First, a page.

Supporting the ageing cat

With advances in veterinary medicine, changes in lifestyle habits and with better nutrition and parasite control, our cats are living longer.

The eldest cat we’ve met here at the clinic was 22 years old! That is pretty remarkable and when we put it into perspective, it is like a human living to be 100! Our cat’s undergo a very similar ageing process to us, although the process is different for every individual.

We consider a middle aged, mature cat to be between 7-12 years old, a senior cat between 12-15yrs and a geriatric cat anyone over the age of 15 yrs.


Like us, their joints may begin to ache and their body may begin to slow down. Things they used to do and enjoy as a kitten may become harder and harder for them but that doesn’t mean they can’t enjoy a long and happy life! 

As your cat ages, it is important to be aware of how ageing may affect them and to be aware of strategies and tips to help make life easier and more comfortable for them. 

As they age, our older cats can experience many changes throughout their bodies.

Signs of ageing may include: 
  • Loss in the ability to smell and taste food
  • Hearing loss
  • Difficulty to digest fat and protein
  • Lower immune function
  • Reduced skin elasticity
  • Changes in heart and lung function
  • Lower tolerance to stress
  • Reduced eyesight 
  • Reduced nail strength

The list above isn’t always so obvious in a home environment but often translates to our older cats changing their normal behaviours.

Changes in behaviours may include:
  • Increased vocalisation
  • Less time spent outdoors
  • Reduced general activity
  • Less hunting behaviours
  • Sleep disturbances
  • Reduced grooming
  • Sleeping for longer periods of time
  • Changes in patterns of attachment to their owners
  • Reduced appetite
  • Increased insecurity in their surroundings
  • Reduced ability to adapt to new situations


It is important to note that some of these behavioural changes can also be the result of some medical conditions which we often see in our older cats.

Medical Conditions in older cats may include:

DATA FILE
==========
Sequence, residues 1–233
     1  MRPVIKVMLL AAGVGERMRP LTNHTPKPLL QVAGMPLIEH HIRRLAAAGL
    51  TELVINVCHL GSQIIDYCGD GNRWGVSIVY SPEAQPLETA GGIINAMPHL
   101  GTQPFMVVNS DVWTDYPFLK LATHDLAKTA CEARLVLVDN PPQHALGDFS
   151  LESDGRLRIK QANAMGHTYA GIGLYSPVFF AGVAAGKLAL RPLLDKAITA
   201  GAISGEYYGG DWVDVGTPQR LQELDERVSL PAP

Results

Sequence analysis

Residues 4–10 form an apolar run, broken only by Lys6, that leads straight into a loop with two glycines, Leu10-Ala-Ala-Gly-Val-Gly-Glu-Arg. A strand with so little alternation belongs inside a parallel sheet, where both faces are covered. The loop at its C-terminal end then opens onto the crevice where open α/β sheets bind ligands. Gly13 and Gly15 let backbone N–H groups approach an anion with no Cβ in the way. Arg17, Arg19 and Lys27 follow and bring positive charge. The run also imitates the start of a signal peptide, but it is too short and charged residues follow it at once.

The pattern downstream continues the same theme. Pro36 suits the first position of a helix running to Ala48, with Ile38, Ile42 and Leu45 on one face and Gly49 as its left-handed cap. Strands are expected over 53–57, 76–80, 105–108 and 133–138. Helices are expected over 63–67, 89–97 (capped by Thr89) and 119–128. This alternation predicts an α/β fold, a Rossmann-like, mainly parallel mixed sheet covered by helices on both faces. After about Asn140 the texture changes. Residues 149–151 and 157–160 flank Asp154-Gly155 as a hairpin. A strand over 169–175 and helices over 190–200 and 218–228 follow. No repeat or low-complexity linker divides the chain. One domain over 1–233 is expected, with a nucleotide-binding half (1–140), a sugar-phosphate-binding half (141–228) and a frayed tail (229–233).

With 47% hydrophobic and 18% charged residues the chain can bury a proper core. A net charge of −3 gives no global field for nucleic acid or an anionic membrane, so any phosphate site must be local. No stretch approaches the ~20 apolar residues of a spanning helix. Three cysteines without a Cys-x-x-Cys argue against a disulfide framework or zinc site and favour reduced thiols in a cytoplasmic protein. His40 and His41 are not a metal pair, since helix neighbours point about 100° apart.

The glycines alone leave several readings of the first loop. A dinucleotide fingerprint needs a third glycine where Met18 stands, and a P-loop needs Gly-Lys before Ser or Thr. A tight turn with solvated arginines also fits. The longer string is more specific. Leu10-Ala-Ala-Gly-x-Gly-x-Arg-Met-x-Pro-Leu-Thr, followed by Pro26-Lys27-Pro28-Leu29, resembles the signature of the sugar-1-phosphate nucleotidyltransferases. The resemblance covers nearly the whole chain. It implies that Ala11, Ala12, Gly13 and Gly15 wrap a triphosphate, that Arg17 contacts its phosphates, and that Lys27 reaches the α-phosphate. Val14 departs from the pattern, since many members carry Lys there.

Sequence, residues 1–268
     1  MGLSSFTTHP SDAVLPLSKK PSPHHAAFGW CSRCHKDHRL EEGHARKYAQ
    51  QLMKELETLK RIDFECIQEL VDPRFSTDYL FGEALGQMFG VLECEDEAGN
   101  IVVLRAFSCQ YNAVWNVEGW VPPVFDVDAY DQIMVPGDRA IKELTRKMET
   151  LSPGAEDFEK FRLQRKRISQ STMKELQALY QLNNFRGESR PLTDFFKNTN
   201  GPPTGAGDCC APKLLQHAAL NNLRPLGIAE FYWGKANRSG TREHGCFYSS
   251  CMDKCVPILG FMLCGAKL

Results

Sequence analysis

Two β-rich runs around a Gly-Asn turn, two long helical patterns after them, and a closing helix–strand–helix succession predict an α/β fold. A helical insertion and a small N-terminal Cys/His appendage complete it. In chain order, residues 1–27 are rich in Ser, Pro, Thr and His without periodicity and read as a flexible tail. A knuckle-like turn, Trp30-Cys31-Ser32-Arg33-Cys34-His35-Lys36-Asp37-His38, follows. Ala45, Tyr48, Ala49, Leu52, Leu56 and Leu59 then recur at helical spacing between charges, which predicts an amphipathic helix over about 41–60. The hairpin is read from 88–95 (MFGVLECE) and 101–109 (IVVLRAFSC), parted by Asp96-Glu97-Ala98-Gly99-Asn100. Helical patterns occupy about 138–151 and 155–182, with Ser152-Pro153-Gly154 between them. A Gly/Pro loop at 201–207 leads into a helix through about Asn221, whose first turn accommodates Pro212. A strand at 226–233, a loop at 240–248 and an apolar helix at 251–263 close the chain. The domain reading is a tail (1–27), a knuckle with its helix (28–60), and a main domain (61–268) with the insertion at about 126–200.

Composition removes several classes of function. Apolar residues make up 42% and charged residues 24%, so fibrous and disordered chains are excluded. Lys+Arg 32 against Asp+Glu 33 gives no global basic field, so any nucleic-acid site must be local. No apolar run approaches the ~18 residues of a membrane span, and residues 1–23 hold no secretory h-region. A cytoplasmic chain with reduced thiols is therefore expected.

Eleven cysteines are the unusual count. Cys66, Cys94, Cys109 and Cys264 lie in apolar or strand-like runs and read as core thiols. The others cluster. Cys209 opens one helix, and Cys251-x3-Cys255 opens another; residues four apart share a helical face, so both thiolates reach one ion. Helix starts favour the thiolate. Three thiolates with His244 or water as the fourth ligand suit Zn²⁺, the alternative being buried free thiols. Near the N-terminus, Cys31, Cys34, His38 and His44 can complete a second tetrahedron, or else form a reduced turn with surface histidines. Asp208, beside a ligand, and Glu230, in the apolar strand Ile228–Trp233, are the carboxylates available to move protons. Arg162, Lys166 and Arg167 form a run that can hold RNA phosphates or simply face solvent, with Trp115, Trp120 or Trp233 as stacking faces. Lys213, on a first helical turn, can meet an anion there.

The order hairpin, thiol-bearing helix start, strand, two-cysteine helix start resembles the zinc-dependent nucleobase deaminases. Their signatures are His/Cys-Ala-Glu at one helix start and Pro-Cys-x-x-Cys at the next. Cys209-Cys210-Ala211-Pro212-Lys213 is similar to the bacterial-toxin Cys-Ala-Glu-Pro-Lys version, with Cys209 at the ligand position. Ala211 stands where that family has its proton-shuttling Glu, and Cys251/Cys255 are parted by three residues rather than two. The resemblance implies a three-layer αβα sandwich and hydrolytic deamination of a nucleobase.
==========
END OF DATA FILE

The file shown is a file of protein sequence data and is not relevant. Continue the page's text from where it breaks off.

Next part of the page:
• Osteoarthritis
  • Hyperthyroidism
  • Kidney disease
  • Heart disease
  • Cognitive dysfunction.

A vet examination can help tease out what is an age-related change and that which is caused by illness or disease.

Your vet can also advise you on the best ways to support your ageing cat in their twilight years. 

Tips & tricks to help your older cat eat and drink.

Warm up canned or pouch food to body temperature

    • this increases attractiveness

Water fountains for drinking water

    • great for encouraging drinking

Raise water and food bowls on platforms 

    • this reduces how much your cat has to bend down

Place food and water bowls in quiet areas of the house

    • away from high traffic areas, windows and entry points into the house

Keep food and water bowls separate from each other

    • cats don’t like the scent of food when they drink and prefer their water remain fresh and not risk contaminating whilst eating

Ensure your cat can walk around all sides of their bowls

    • cats prefer to be able to approach a food bowl from all directions (so not against a wall or in a corner). This allows them to not be surprised by another cat  while they are eating. 

Increasing the number of water bowls 

    • This can encourage an older cat to drink due to a poor thirst drive

Use a high quality diet

    • older cats need diets formulated for their needs including high quality and digestible proteins and fats. 

Tips & tricks to help your older cat use their litter tray

As a general rule, multi cat households should aim for one litter tray per cat plus one more.

For older cats, adding a few extra litter trays can help them maintain good toileting habits as there is less distance they need to walk to find one.